Jul 21 2014
I know security is coming to the public awareness when I start getting contacted by relatives and friends about the security of products beyond anti-virus. I think it’s doubly telling when the questions are not about how to secure their home systems but about the security of a product for their business. Which is exactly what happened this week; I was contacted by a family member who wanted to know if it was safe to use Dropbox for business. Is it safe, is it secure and will my business files be okay if I use Dropbox to share them between team members?
Let’s be honest that the biggest variable in the ‘is it secure?’ equation is what are you sharing using this type of service. I’d argue that anything that has the capability of substantially impacting your business on a financial or reputational basis shouldn’t be shared using any third-party service provider (aka The Cloud). If it’s something that’s valuable enough to your business that you’d be panicking if you left it on a USB memory stick in your local coffee shop, you shouldn’t be sharing it via a cloud provider in the first place. In many cases the security concerns of leaving your data with a service provider are similar to the dropped USB stick, since many of these providers have experienced security breaches at one point or another.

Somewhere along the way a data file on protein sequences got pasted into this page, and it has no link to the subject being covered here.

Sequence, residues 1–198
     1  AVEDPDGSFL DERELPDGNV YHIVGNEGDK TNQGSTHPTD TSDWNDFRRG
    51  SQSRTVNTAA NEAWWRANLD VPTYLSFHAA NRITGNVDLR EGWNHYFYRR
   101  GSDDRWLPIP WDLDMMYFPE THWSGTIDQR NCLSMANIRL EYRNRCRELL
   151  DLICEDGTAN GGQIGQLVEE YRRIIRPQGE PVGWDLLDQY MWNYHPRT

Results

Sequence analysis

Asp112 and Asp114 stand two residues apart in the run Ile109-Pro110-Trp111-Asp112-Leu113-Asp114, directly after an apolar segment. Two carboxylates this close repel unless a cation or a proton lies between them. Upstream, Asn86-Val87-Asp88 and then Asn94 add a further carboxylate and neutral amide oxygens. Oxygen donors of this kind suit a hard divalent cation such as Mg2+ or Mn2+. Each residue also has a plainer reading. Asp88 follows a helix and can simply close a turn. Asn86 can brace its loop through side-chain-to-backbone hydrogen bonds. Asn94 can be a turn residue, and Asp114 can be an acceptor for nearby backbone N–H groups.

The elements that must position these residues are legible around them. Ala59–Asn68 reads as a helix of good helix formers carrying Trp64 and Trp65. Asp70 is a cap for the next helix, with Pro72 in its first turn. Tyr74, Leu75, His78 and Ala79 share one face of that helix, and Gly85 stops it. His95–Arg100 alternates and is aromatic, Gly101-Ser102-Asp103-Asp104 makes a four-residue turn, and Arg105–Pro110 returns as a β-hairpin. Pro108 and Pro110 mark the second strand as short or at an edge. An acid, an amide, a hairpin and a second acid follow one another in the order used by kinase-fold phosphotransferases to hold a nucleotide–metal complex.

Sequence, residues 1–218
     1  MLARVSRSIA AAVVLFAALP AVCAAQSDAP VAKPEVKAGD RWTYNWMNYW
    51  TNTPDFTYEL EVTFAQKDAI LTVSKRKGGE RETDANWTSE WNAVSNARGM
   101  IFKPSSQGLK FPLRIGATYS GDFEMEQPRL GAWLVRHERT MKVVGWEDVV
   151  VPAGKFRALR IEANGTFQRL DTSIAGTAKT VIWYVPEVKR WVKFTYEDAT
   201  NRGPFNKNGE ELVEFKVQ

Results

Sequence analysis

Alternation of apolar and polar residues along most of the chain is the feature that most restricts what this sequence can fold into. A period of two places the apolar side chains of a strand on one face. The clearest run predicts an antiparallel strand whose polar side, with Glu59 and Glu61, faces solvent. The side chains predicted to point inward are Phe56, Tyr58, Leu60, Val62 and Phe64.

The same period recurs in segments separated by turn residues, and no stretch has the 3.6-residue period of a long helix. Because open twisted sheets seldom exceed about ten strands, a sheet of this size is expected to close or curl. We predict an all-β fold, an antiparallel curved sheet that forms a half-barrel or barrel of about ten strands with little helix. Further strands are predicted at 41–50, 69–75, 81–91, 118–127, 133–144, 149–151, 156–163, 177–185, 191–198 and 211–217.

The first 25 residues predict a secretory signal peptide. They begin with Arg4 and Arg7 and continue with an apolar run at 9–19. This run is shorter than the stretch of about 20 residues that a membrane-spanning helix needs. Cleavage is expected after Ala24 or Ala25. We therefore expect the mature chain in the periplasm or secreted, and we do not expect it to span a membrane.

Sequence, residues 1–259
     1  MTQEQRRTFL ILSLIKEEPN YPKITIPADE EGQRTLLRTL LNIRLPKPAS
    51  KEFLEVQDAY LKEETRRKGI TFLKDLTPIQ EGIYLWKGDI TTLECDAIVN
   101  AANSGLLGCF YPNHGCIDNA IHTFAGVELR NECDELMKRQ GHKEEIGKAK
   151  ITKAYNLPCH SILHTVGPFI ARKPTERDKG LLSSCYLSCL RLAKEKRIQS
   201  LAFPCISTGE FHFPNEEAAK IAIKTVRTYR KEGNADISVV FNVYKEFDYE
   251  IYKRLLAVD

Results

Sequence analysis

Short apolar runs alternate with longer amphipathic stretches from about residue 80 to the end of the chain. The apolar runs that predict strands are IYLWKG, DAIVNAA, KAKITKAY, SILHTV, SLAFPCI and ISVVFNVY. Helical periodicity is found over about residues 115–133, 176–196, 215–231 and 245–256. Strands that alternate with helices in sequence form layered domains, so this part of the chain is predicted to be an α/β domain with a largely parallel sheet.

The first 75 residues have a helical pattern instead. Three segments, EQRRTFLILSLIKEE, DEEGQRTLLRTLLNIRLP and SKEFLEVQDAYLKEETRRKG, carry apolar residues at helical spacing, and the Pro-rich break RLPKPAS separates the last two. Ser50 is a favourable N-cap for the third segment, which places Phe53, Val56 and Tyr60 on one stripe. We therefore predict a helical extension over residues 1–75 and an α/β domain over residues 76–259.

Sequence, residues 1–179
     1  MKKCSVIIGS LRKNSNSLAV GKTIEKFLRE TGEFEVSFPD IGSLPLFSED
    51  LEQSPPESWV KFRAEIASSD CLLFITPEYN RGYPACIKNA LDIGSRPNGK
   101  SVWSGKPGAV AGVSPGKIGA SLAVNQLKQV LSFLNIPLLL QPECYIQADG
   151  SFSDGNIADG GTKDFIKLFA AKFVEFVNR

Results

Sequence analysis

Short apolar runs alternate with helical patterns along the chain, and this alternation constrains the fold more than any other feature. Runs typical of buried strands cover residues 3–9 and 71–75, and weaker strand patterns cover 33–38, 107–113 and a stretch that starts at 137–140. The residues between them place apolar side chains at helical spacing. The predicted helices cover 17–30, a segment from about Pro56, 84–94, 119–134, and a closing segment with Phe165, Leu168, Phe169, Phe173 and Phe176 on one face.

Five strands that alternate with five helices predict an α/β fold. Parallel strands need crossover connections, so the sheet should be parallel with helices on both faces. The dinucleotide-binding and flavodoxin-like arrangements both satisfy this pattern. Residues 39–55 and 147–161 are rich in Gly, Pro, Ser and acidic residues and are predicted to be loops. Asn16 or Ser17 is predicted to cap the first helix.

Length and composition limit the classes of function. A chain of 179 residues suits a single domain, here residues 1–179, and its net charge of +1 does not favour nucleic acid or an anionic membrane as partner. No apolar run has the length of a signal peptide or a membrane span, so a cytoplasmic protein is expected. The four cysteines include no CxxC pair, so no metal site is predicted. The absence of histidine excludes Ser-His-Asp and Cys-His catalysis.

What raised this concern to a level where the general public? It turns out it was a story in the Guardian about an interview with Edward Snowden where he suggests that Dropbox is insecure and that users should switch to Spideroak instead. Why? The basic reason is that Spideroak is a ‘zero-knowledge’ product, where as Dropbox maintains the keys to all the files that users place on it’s systems and could use those keys in order to decrypt any files. This fundamental difference means that Dropbox could be compelled by law to provide access to an end user’s file, while Spideroak couldn’t because they don’t have that capability. From Snowden’s perspective, this difference is the single most important feature difference between the two platforms, and who can blame him for suggesting users move.
Snowden has several excellent points in his interview, at least from the viewpoint of a security and privacy expert, but there’s one I don’t think quite holds up. He states that Condoleezza Rice has been appointed to the board of directors for Dropbox and that she’s a huge enemy of privacy. This argument seems to be more emotional than factual to me, since I don’t have much historical evidence on which to base Rice’s opinions on privacy. It feels a little odd for me to be arguing that a Bush era official might not be an enemy of privacy, but I’d rather give her the benefit of the doubt than cast aspersions on Dropbox for using her experience and connections. Besides, I’m not sure how much influence a single member of the board of directors actually has on the direction of the product and the efficacy of its privacy controls.